Adult-film star Stormy Daniels in 2018. Trump’s campaign allegedly paid hush money to her in 2016.

Adult-film star Stormy Daniels in 2018. Trump’s campaign allegedly paid hush money to her in 2016.Credit:AP

But as Cohen’s legal bills piled up, officials at the family-run Trump Organisation began to baulk at paying his lawyer, planting the seeds for Cohen’s break from a man he once idolised.

Cohen soon hired Lanny Davis, a Democrat and a veteran Washington lawyer who worked in Bill Clinton’s White House.

In August of 2018, federal prosecutors in the Southern District readied charges against Cohen for the hush money and a range of unrelated financial crimes. Cohen pleaded guilty in that case and later in another case brought by Mueller related to his congressional testimony.

At his first plea hearing, on the hush-money payment, Cohen pointed the finger at Trump, who he said directed him to pay it, an accusation that prosecutors later substantiated. Cohen was sentenced to three years in prison.

Davis told Cohen that he had a path to winning back his credibility, but he would have to fully come clean about Trump. Cohen told Davis he was ready.

In February 2019, Democrats announced that Cohen would appear at an unusual public hearing, the sole witness discussing the 45th president.

When Cohen assumed a seat at a witness table for what would become a daylong event, he appeared prepared for the onslaught. He fought back, potentially foreshadowing how he might respond to attacks from Trump’s lawyers on the witness stand in the Manhattan case.

Michael Cohen and his attorney Lanny Davis. Davis told Cohen he would have to come clean about Trump.

Michael Cohen and his attorney Lanny Davis. Davis told Cohen he would have to come clean about Trump.Credit:AP

“By coming today, I have caused my family to be the target of personal, scurrilous attacks by the president and his lawyer trying to intimidate me from appearing before this panel,” Cohen said in opening remarks at the congressional hearing. “Mr Trump called me a rat for choosing to tell the truth, much like a mobster would do when one of his men decides to cooperate with the government.”

In May 2019, Cohen began serving his time at a minimum security facility at Otisville, New York. It was there that he began to meet with the Manhattan District Attorney’s Office.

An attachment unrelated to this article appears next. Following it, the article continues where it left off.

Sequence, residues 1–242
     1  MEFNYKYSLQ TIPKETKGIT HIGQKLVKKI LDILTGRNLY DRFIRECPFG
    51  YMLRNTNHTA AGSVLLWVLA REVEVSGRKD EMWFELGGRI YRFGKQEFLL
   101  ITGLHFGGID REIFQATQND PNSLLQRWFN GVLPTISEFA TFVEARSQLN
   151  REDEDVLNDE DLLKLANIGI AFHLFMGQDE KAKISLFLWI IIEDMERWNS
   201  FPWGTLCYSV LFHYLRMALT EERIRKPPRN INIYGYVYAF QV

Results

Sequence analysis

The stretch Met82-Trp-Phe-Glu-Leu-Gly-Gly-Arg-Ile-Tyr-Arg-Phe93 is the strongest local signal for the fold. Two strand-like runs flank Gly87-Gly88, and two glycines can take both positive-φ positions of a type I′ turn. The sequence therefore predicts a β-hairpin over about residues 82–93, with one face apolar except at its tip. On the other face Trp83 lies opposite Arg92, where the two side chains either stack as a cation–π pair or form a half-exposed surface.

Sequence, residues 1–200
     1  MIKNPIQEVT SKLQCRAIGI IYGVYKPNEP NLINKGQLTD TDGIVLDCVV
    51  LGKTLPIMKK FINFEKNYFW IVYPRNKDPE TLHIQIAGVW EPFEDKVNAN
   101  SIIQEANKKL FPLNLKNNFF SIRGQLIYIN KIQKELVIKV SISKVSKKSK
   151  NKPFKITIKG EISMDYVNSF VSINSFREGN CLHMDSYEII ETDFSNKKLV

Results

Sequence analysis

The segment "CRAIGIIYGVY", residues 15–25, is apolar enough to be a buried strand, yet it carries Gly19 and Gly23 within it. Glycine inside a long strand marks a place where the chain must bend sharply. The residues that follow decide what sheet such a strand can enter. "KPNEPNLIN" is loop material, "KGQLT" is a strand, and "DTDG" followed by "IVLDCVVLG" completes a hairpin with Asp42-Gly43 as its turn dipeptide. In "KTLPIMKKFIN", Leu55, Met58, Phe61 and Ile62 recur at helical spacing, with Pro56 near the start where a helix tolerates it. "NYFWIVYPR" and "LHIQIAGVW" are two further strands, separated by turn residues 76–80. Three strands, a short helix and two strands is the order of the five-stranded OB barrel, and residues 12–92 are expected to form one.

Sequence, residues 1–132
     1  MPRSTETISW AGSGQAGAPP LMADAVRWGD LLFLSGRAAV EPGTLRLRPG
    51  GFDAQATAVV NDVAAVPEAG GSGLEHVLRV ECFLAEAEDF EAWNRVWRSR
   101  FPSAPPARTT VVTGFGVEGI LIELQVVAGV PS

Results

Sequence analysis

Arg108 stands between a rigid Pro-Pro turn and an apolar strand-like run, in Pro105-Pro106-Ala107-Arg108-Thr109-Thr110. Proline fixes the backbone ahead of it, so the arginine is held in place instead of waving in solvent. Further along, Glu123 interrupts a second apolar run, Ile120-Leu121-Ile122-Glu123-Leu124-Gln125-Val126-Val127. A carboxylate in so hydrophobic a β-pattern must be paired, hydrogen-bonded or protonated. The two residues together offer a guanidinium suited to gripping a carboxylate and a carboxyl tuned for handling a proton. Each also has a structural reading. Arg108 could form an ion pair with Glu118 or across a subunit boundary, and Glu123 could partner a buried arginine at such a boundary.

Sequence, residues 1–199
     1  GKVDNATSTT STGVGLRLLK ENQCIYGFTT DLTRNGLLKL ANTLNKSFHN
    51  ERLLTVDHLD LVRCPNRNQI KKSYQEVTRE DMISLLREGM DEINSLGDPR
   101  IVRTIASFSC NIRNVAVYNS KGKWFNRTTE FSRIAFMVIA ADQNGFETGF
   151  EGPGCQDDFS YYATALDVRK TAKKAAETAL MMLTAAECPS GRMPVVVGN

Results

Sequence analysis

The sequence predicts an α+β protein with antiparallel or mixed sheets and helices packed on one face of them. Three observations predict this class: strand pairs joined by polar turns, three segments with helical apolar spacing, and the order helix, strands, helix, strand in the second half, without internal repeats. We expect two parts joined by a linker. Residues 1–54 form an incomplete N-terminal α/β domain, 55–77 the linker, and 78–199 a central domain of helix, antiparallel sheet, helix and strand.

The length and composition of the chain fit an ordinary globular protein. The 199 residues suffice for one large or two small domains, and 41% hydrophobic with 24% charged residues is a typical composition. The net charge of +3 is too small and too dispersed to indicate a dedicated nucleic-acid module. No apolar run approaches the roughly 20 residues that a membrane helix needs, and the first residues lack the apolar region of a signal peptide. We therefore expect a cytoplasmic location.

Cohen was released in May 2020 on a medical furlough. But he was soon thrown back in prison by the Bureau of Prisons after he refused to sign a document stating he would not write a book. About two weeks later, a judge ordered him released, saying the move was “retaliatory”.

By early 2022, Cohen was home from prison, and his visits with prosecutors moved to their offices. Beginning in January of this year, he seemed to visit almost weekly.

Cohen is hardly a perfect witness. Trump’s lawyers will undoubtedly attack his character and invoke his criminal record. Some appear eager to cross-examine him.


Even the prosecutors who are relying on Cohen – and have decided to stake a large part of their case on his testimony – occasionally shake their heads at his media presence. But Cohen has largely won the at least qualified approval of the district attorney’s office.

“I thought he was telling the truth,” Mark Pomerantz, the prosecutor who helped lead the investigation until early 2022, wrote in his book.

Cohen’s comprehensive knowledge of the hush-money case is likely another draw for prosecutors. The former fixer could connect all the dots that led to the payment.

On the first day of his grand jury testimony this month, when Cohen stopped outside the courthouse to entertain questions from reporters, he harked back to what he had told the judge five years earlier.

“This is all about accountability,” he said. “He needs to be held accountable for his dirty deeds.”

This article originally appeared in The New York Times.